As a musician I would practice three hours a day at least, it was the only way to play a Bach Fugue on the organ as it should have been played. (I don’t have that time anymore, so don’t play publicly anymore – many musicians do the same once they move on.) As a leader I insisted one of our introverted workers have the free time to spend three to four hours in her work, because she is capable of greater things when allowed that time and space.

In the Church today we see everyone going from Parish to Parish for Fr. X, Fr. Y, Fr. C – it’s all about the Priest and not about the Mass. Fr. So and so is nicer, he understands me, the music is better. Parishes – most of them – are no longer formed around the Faith – they’re essentially formed around the current Pastor.

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“The tycoons of social media have to stop pretending that they’re friendly nerd gods building a better world and admit they’re just tobacco farmers in T-shirts selling an addictive product to children. Because, let’s face it, checking your “likes” is the new smoking.” Cal Newport

Much to reflect upon in our current state of affairs.

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Being INFP

I’ve brought up the Myers-Briggs personality type assessment recently because it’s the most widely used personality type system in the world and is used by many businesses, universities, churches, etc., to help understand each other’s differences, and one’s own preferences, strengths, and weaknesses.

For Example

I’m an INFP, which is uncommon, especially in men. I can be difficult to get to know, write a lot, am good with the big picture, irritated by the details, etc. I can postpone important work to make it more of an adventure when I finally get around to it under pressure.

It’s insightful and can be very helpful. Beyond that there’s quite obviously our life in Christ, putting on the new man, and cherishing the fruits of the Holy Spirit.

So many videos on YouTube,

So little time.

And because everything has a dark side… we’re not always great when we’re super stressed, or when you’ve finally poked the bear too much.

We’re seen as peculiar. 🙄 But we’re actually a treasure.

Prayer-wise

I prefer reading Scripture, Adoration, meditation, and contemplation. The daily task of praying the Divine Office, while a beautiful treasure, is also the type of highly structured routine that does not resonate with me, and a struggle. I prefer the Extraordinary Form, which is essentially a more introverted prayer for the Priest.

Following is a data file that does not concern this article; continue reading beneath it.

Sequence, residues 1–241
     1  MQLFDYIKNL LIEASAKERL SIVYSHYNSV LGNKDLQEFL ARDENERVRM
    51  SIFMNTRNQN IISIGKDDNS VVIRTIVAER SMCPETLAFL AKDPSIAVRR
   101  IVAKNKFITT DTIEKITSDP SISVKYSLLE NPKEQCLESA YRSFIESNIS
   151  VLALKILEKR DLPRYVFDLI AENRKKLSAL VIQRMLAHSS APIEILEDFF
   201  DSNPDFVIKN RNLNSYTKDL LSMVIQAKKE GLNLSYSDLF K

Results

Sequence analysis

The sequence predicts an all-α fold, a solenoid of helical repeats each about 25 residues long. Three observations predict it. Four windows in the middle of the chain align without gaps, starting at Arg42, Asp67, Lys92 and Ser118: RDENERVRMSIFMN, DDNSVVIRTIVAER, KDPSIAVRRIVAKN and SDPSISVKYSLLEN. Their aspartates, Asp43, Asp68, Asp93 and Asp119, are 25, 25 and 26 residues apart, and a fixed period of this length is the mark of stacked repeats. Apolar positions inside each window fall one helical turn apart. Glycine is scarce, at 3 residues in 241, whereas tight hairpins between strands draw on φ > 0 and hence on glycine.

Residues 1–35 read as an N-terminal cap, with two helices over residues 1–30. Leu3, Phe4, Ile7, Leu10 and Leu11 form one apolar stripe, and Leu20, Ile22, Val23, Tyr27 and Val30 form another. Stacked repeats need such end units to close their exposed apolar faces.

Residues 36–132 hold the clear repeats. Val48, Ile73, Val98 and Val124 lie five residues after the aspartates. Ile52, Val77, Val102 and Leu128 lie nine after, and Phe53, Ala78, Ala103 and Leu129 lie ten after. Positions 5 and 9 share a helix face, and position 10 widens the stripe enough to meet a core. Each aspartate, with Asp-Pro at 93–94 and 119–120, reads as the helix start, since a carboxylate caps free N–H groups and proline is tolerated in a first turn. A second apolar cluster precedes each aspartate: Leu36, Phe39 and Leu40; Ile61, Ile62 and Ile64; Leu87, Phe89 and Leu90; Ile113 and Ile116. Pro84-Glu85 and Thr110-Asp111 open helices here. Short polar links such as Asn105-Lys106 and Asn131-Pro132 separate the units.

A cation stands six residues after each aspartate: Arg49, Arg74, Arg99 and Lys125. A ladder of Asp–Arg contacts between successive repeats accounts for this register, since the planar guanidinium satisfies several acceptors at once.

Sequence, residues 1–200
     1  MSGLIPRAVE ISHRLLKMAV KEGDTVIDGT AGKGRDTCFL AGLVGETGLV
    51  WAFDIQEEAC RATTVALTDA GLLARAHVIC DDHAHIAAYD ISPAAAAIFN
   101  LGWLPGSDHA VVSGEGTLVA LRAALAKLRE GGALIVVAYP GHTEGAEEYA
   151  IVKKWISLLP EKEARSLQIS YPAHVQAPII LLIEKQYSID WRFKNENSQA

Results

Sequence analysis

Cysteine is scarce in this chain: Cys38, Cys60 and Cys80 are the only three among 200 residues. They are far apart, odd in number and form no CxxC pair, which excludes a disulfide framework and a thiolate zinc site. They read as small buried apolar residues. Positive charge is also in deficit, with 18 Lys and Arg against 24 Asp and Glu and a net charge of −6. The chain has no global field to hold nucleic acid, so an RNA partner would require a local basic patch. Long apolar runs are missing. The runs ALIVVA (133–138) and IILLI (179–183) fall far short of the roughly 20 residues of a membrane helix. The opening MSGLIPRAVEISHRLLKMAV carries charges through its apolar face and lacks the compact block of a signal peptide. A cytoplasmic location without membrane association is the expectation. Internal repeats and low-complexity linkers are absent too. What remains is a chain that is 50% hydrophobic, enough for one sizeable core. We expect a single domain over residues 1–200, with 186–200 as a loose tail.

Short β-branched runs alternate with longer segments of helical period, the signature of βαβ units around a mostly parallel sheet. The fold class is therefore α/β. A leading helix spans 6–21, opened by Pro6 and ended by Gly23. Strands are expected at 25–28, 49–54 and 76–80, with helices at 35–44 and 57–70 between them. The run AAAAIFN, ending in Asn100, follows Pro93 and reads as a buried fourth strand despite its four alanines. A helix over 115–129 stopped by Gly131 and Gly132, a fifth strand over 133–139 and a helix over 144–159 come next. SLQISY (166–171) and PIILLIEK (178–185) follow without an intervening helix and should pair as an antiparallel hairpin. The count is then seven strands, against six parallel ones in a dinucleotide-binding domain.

I’m going to be learning more about it for continued ed, and also working reading, studying and praying with Catholic spirituality – which I was doing prior to the Extraordinary Form arriving at St. Jane and had to learn – a lot.

I pray all are well. Lot’s of people are coming down with the Covid, they all are saying it’s not that bad. One was out mowing lawns in Bush. 🤷🏼‍♂️ Whatever works!

Blessings.

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The Fragrance of Christ

?”Thanks be to God, who unfailingly leads us on in Christ’s triumphal train, and employs us to diffuse the fragrance of his knowledge everywhere! We are an aroma of Christ for God’s sake, both among those who are being saved and those on the way to destruction; to the latter an odor dealing death, to the former a breath bringing life.”

I love the imagery in this quote from 2 Corinthians. We are as incense for Christ, of Christ… only much more profound.

In a profound change of imagery, this happened to me the other day:

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Poor Jen. Whoever she is.

And in important developments:

  1. I joined the Catholic Writer’s Guild
  2. I made some plans for an upcoming trip I’m getting excited about.
  3. In fact, the trip is to the Writer’s Guild Conference. I’m hoping to go before they realize I’m not much of a writer and cancel my membership. I have things to learn, and am looking forward to it.
  4. And, I changed the name of my weblog once again.

  5. I like the word ‘chronicles’.

    Via dictionary.com; “a chronological record of events; a history.’

    And that’s about all this site is.

  6. Name changes drive ESTJ’s crazy.

Fragrance is very powerful, and often very subtle; a notion worthy of contemplation.

Here We Go Again II

Ok, I changed the name of my blog again. From “Confessions”, to “The Confessional Chronicles”.

I don’t know about this.

But we all know that being an INFP means that I like to take time making prayerful decisions about these kinds of things (or everything for that matter.) I’ve written about this before. Drives ENTJ’s crazy.

I’ll probably change it again. Before I start a Facebook Page, I thought it should have a decent name. There’s no way on earth I would change the whole site to a new domain! But typing into the Setting Dialogue Box… that I can handle.

Hit me up with any thoughts. Ciao.